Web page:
Facebook ‘censoring posts on Kashmir’
July 22 2016 10:07 PM
A paramilitary trooper stands guard as a woman walks past on the 14th day of a curfew in downtown Srinagar yesterday.


Academics and activists yesterday accused Facebook of censoring posts about Kashmir as a curfew in the region extended into its 14th day following unrest that has left 48 protesters dead.
Facebook users posting on the violence in Kashmir in Britain, the US, India and Pakistan said their posts had been removed or their profiles permanently deleted by the Silicon Valley giant citing “violation of community standards”.
Wide-scale protests against the government have flared across the region since the killing on July 8 of popular rebel leader Burhan Wani in a firefight with government forces.
Professor Huma Dar, a Kashmiri-origin academic at the University of California Berkeley, said her profile was permanently disabled after she posted photos of Wani and a video of his funeral attended by tens of thousands of mourners.
“We will not reactivate it for any reason,” Dar said Facebook informed her.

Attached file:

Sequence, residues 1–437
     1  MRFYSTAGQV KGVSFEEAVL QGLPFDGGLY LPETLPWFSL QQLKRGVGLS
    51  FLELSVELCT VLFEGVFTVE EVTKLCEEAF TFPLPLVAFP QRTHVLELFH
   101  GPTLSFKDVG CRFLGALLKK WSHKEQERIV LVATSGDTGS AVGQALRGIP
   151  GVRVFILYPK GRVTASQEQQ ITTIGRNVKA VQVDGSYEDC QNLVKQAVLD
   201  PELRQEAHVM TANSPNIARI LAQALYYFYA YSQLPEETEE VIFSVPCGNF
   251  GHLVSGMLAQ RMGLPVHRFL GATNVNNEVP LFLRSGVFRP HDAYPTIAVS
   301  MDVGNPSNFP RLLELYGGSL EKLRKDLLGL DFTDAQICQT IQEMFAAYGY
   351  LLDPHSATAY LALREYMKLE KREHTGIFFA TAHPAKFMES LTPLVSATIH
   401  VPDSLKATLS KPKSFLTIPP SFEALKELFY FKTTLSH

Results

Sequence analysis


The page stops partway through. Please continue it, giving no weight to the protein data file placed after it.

Professor Dibyesh Anand of London’s Westminster University said his posts about the actions of security forces, which have drawn criticism for their heavy-handed tactics, were removed twice. “They (Facebook) apologised. But they blocked a second time within a day, again for 24 hours for a mild post,” Anand said from London.
“When a conspicuous number of posts relating to Indian state violence in Kashmir gets removed by Facebook and profiles of academics and writers blocked, it is clear that there is censorship,” Anand said.
More than 3,000 people, hundreds of them police officers, have been injured in the clashes, overwhelming hospitals in the region’s main city of Srinagar. Authorities have imposed a curfew, suspended mobile networks and internet in large parts of the territory and seized newspapers in a bid to quell protests.
US-based social activist Mary Scully said her posts were also removed on more than one occasion, citing community standards.

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